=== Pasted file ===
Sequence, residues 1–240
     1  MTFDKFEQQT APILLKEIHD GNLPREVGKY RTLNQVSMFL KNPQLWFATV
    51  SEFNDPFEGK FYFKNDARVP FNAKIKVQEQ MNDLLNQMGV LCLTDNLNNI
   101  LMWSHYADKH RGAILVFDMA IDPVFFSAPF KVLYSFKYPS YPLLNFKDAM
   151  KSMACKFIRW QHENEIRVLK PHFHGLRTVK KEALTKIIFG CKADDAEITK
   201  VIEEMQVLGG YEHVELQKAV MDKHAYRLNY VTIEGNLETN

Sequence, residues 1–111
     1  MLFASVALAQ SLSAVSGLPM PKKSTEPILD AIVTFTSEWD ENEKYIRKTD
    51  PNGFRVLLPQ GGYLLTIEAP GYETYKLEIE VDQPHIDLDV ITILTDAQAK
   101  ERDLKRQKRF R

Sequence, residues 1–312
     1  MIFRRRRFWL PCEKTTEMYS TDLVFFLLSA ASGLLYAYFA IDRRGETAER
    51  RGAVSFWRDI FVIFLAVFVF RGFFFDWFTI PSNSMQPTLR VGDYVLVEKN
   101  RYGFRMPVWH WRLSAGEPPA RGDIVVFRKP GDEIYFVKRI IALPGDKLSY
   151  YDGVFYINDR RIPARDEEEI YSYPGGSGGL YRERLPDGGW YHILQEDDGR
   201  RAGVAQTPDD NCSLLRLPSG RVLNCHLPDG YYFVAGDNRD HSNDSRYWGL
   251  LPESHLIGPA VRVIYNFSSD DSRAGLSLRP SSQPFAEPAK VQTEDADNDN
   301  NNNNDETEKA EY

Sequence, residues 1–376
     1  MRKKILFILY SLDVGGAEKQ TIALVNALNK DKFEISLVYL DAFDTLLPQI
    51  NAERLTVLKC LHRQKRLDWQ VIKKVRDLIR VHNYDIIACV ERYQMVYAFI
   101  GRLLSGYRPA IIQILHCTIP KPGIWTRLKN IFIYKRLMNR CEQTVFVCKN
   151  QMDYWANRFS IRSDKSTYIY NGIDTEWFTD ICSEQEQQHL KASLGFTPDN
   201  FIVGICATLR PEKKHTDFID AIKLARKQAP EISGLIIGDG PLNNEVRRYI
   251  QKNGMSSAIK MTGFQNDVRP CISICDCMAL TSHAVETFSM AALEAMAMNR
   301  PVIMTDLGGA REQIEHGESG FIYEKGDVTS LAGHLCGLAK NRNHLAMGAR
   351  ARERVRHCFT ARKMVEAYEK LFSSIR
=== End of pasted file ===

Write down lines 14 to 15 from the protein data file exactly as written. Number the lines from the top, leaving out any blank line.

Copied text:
   101  RYGFRMPVWH WRLSAGEPPA RGDIVVFRKP GDEIYFVKRI IALPGDKLSY
   151  YDGVFYINDR RIPARDEEEI YSYPGGSGGL YRERLPDGGW YHILQEDDGR